Yoga Serge Braconi

Stretch Body and Mind©



How breathing affects the autonomic nervous system
Excerpt from "Anatomy of Hatha Yoga" by Dr. David Coulter

"... All of our concerns so far have been with how the nervous system influences breathing. These are all widely recognised. What is not as well known is that different methods of breathing can affect the autonomic nervous system and have an impact on the functions we ordinarily consider to be under unconscious control.
Abnormal breathing patterns can stimulate autonomic reactions associated with panic attacks, and poor breathing habits in emphysema patients produce anxiety and chronic over stimulation of the sympathetic nervous system.
By contrast, quiet breathing influences the autonomic circuits that slow the heartbeat and reduce blood pressure, producing calm and a sense of stability. Our ability to control respiration consciously gives us access to autonomic function that no other system of the body can boast.

One breathing technique that can produce a beneficent effect on the autonomic nervous system is 2:1 breathing - taking twice as long to exhale as to inhale. For those who are in good condition, 6-second exhalations and 3-second inhalations are about right, and if you can regulate this without stress, the practice will slow your heart down and you will have a subjective experience of relaxation.

As with almost all breathing exercises in yoga, both inhalation and exhalation should be through the nose. This connection between heart rate and breathing, known as respiratory sinus arrhythmia, involves reflex activity from the circulatory system to the brain stem that causes the heart to beat more slowly during exhalation than it does in inhalation. It is a natural arrhythmia, called "respiratory" because it is induced by respiration, and called "sinus" because the receptors that stimulate the shifts in heart rate are located in the aortic and carotid sinuses, which are bulbous enlargements in those great vessels.
If you take longer to exhale than to inhale, especially when you are relaxing, the slowing-down effect of exhalation will predominate. This is an excellent example of how we can wilfully intervene to produce effects that are usually regulated by the autonomic nervous system.

There are limits on both ends to the effects of 2:1 breathing. If you are walking briskly, exhaling for two seconds and inhaling one second, you will not get this reaction, and if you take it too far in the other direction, which for most people means trying to breathe fewer than five breaths per minute 8-second exhalations and 4-second inhalations), the exercise may become stressful and cause the heart rate to increase rather than slow down. The golden mean - that which is entirely comfortable - is best.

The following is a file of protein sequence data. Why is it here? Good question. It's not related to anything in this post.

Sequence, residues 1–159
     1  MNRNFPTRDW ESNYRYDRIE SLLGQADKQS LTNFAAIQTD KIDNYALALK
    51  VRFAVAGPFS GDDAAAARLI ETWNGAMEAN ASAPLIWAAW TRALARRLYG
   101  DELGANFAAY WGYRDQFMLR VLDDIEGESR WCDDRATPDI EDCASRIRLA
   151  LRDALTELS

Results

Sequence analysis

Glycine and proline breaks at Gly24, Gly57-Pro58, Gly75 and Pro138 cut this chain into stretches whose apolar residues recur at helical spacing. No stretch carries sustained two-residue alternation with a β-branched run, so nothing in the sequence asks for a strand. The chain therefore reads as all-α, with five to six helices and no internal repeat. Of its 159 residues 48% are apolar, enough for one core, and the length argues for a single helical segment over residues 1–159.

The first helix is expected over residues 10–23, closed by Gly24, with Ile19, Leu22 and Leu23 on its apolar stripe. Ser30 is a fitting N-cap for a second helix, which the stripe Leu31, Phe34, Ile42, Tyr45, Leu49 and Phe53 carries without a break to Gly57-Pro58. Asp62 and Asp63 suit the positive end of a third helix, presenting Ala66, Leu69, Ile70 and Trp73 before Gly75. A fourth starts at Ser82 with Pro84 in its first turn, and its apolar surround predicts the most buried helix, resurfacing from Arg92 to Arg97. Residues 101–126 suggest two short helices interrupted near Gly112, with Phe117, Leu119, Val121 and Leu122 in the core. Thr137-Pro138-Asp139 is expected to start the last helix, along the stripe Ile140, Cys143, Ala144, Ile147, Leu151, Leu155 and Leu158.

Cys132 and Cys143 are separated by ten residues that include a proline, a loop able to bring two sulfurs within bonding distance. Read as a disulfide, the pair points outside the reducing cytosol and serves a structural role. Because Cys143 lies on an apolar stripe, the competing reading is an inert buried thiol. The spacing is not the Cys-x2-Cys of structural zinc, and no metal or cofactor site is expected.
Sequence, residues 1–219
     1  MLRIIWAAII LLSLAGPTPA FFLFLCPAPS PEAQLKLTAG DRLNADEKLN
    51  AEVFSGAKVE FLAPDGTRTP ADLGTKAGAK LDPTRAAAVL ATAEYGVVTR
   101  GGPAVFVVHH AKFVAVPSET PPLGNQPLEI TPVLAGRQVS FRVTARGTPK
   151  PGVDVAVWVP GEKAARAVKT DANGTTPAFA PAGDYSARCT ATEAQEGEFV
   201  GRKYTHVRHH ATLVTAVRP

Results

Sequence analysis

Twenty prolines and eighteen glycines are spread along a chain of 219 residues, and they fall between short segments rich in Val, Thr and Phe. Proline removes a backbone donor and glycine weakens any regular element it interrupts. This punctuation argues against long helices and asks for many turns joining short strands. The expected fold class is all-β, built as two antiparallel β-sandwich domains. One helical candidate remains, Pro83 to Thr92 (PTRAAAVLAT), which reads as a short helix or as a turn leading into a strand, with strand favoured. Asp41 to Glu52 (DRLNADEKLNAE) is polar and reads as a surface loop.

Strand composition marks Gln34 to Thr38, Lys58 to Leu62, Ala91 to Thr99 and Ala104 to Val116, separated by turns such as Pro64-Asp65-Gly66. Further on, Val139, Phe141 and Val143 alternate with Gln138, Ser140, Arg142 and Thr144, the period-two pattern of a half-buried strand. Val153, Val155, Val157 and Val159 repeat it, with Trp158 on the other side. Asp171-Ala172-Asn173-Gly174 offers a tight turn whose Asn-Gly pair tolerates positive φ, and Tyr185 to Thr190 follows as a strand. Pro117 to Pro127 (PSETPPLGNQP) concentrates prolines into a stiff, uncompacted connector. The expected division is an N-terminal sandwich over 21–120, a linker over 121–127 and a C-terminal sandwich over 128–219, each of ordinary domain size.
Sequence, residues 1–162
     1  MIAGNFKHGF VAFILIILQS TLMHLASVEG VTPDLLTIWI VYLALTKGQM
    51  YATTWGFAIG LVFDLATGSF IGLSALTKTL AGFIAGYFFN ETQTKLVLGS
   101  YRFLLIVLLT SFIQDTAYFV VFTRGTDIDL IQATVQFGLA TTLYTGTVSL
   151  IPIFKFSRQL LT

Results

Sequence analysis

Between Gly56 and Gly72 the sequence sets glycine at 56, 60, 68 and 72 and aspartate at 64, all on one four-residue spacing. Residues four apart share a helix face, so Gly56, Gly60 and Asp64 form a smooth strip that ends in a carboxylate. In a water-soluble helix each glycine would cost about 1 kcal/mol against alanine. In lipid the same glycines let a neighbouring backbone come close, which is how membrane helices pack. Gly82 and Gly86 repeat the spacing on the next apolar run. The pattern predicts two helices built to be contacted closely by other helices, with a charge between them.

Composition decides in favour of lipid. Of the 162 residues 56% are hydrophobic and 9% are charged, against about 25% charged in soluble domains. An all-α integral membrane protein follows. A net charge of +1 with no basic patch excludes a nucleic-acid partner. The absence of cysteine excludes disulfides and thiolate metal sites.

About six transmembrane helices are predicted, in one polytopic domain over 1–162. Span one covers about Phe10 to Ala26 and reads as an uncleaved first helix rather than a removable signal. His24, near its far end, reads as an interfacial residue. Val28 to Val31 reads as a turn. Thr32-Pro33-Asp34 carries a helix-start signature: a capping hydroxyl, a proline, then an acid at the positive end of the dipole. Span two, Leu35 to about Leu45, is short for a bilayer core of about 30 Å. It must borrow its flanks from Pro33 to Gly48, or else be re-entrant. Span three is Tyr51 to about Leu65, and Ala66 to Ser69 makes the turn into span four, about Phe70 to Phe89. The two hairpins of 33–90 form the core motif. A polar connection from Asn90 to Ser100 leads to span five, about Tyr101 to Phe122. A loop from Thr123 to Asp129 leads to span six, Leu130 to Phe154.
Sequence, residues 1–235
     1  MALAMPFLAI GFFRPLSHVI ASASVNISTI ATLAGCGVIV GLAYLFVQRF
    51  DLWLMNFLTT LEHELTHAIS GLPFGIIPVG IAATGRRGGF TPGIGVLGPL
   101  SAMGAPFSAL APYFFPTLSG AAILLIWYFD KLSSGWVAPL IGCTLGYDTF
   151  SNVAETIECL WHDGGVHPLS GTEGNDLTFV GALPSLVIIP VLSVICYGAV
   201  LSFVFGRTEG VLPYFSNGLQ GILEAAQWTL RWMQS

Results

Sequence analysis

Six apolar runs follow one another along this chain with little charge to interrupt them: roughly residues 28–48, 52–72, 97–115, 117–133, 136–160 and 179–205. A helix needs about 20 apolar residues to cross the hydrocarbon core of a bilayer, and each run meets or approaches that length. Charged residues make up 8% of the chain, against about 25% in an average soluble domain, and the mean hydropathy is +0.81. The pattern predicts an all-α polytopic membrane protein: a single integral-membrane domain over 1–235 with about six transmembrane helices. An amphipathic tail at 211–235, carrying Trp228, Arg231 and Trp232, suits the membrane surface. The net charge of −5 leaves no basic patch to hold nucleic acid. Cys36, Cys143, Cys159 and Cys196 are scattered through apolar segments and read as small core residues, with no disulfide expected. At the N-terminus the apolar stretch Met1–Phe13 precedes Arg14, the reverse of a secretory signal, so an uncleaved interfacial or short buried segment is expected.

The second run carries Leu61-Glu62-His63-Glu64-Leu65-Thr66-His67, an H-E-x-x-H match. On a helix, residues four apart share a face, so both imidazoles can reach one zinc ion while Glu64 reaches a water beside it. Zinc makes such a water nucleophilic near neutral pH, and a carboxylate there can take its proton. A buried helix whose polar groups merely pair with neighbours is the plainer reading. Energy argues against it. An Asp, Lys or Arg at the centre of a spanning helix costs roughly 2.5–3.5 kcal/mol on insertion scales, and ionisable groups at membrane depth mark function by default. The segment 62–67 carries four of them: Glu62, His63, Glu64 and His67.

There is one well-known practical consequence of respiratory sinus arrhythmia. For decades doctors have known empirically that pursed-lip breathing against moderate resistance is helpful for those with obstructive lung disease. What is not generally realized is that the practice is helpful mainly because it lengthens exhalations, slows the heart rate, decreases the amount of air remaining in the lungs after exhalation, and reduces fear and anxiety. Knowledgeable yoga teachers realize that the same end can be accomplished through a different approach, lengthening exhalations by pressing in gently with the abdominal muscles while at the same time breathing through the nose."

David Coulter received a Ph. D. in anatomy from the University of Tennessee Center for the Health Sciences in 1968. From 1968 to 1986 he taught various microscopic, neuroscience, and elementary gross anatomy courses in the Department of Anatomy of the University of Minnesota (Medical School) in Minneapolis, MN. During that period he also served as a principal investigator for neuroscience research funded by the National Institutes of Health and the National Science Foundation. He next taught in the Department of Anatomy and Cell Biology at Columbia University College of Physicians & Surgeons (1986 to 1988), and since then has practiced and taught a style of bodywork called Ohashiatsu® in New York City and elsewhere. Dr. Coulter has been practicing yoga since 1974. He was initiated by Swami Veda (formerly Dr. Usharbudh Arya of Minneapolis, MN), trained under Swami Rama from 1975 to 1996, and studied under Pandit Rajmani Tigunait at the Himalayan Institute since 1988. From the inception of his interest in yoga, Dr. Coulter has been committed to correlating his understanding of the practices of that discipline with accepted principles of biomedical science


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